Walton was sent back to rehab. "They gave me the chance, which was awesome," she said.
Looking back on the grim whirlwind, Walton said she has regrets. "I turned 21 when I was in jail," she said. "It's those little things -- I was missing things that you look forward to celebrating, if you were living a normal lifestyle."
She recalled another arrest, which occurred afer living in a sober house in Brentwood. A warrant was out for her arrest because she'd been "kicked out" of rehab.
Someone alerted the police to her location, she said, and Walton said she was arrested for violating probation and served 90 days.
In 2012, once released, she was released and by June, "I was selling heroin," she said. "At that point the habit had escalated to the worst I ever was. I was doing two bundles a day -- 20 bags." If she had been buying the drugs from a dealer, that amount would have cost $200 per day, Walton said.
"It's insane how much much money I've wasted in the past four years -- just thrown away. And I have nothing to show for it except for a horrible addiction," Walton said.
Reaching the end of what she could bear, Walton called the East End Methadone Clinic in Riverhead and was waiting for her scheduled appointment.
One week before her appoinment, she was home at 2 a.m. when a friend called. "He asked, 'Can you hook me up?' I should have listened to my gut and gone to bed," she said.
But Walton went to meet him and was in his car for seconds when the car was pulled over. She was found to be in possession of 14 bags of heroin, as well as marijuana and suboxone, used to treat opiate addiction.
Walton was arrested again. "One week before my appointment, when I was ready to start a new chapter. It was devastating."
The judge offered Walton the chance to participate in the East End Regional Interventional Court, informally called the "drug court," and she said her life has been transformed.
"It's amazing. I'm surprised at how well I'm doing," she said. Since October, she said, all her urine samples have been clean, and she has been attending therapy at the Maryhaven Center for Hope. Methadone, she added, has helped, too. "I went from a two bundle a day habit to doing nothing."
John Corbett, Walton's counselor at Maryhaven, said she is a "good patient" who has responded well to treatment and is a success story.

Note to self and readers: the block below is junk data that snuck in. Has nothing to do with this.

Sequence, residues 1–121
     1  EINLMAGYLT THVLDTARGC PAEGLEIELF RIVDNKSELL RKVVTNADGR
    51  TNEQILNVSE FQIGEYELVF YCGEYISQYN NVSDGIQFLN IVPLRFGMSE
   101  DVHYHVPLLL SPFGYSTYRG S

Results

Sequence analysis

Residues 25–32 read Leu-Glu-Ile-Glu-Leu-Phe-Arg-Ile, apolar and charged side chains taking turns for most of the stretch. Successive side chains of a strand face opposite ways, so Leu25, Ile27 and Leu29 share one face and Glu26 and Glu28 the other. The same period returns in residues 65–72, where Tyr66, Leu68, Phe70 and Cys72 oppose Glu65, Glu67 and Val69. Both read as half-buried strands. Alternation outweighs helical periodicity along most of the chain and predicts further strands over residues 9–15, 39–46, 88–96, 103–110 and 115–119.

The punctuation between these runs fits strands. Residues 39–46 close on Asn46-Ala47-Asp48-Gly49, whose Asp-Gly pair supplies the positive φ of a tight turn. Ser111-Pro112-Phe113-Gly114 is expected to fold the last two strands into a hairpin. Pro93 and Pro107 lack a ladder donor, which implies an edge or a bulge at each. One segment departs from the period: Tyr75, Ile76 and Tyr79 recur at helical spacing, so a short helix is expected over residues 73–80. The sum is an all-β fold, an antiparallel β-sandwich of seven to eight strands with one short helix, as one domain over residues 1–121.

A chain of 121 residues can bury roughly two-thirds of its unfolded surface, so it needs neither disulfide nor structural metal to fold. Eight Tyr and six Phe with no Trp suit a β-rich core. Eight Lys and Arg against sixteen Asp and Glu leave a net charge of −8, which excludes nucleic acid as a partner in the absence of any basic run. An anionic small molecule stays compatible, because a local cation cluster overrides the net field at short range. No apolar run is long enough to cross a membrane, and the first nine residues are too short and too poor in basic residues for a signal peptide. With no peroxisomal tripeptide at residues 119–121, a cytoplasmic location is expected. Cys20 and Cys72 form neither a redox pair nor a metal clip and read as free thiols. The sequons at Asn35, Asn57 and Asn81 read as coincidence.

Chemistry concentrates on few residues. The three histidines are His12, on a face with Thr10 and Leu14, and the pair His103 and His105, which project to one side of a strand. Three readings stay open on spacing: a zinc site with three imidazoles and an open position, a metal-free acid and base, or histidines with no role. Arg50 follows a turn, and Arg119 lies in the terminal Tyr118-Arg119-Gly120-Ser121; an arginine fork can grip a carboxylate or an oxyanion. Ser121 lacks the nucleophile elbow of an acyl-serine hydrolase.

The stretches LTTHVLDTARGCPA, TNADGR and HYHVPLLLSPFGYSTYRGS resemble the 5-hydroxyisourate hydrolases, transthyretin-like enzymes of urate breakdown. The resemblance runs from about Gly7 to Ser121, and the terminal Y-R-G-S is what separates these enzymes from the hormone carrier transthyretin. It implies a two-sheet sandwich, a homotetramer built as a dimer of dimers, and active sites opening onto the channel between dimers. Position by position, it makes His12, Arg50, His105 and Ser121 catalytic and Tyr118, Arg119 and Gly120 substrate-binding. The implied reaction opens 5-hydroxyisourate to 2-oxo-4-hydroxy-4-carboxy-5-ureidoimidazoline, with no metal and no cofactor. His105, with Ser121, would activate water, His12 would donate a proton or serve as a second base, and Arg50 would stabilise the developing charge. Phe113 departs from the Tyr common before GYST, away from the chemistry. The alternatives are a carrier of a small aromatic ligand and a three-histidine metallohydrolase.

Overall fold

Now working in retail, she is thriving in her position and making her sales goals.
Today, Walton also attends meetings and has a home group and a sponsor.
"I couldn't be happier about the way things are going," she said.
Her voice filled with tears, she continued. "For a while, it got to the point where I didn't even believe in myself, that I could do it. That's why I'm so happy right now -- because I am doing it."
Reconnected with her high school best friend, Walton said she revels in doing "normal things," like shopping for clothes.
"It's awesome," she said. "It's such a good feeling to finally be on this path."
Dreams of college have once again become something Walton can grasp. "I would love to go back to school," she said.
Walton realized just how close she came to losing everything that matters. "Many people end up losing their lives to this. I knew that I was not far, if I continued down that path. It's inevitable -- there are three things that can happen. Jail, institutions -- and death."
Drugs, she said, stole her spirit. "They took away my relationships. Drugs took away my dreams."
Although the high was initally thrilling, "It was just temporary and synthetic," she said. "Fake. I was just a zombie, living life for this drug, and nothing else mattered. The worst part is I hurt so many people."
Today, Walton is back at home with her mother and sisters and their relationships are strong.
The holidays this year, Walton said, had an added lustre. "In the past, I was either not around or in jail. And if I was there, my family got me gifts, even though I felt I didn't deserve them. I felt awful because I had no money to buy them gifts -- or I had spent the money on drugs."
This year, Walton said, was different. "I went out and did my Christmas shopping and got them gifts. It felt so awesome to say, 'This one's from me.'"
To young teens thinking about trying heroin, Walton has advice. "It's not worth it. I tell people I know who want to try heroin, 'Don't do it.' It will change your whole life. It's a life ruiner."
Her personal "bottom" was hit, Walton said, when she found it impossible to live a normal life and support her habit. "The two just couldn't meet," she said. "I got to a point where I said, 'This is enough. I can't keep doing this. I wanted to live again."
Next, Patch will examine how heroin has changed the landscape of drug use for teens in Riverhead -- and on Long Island. Stay tuned for the next article in this series.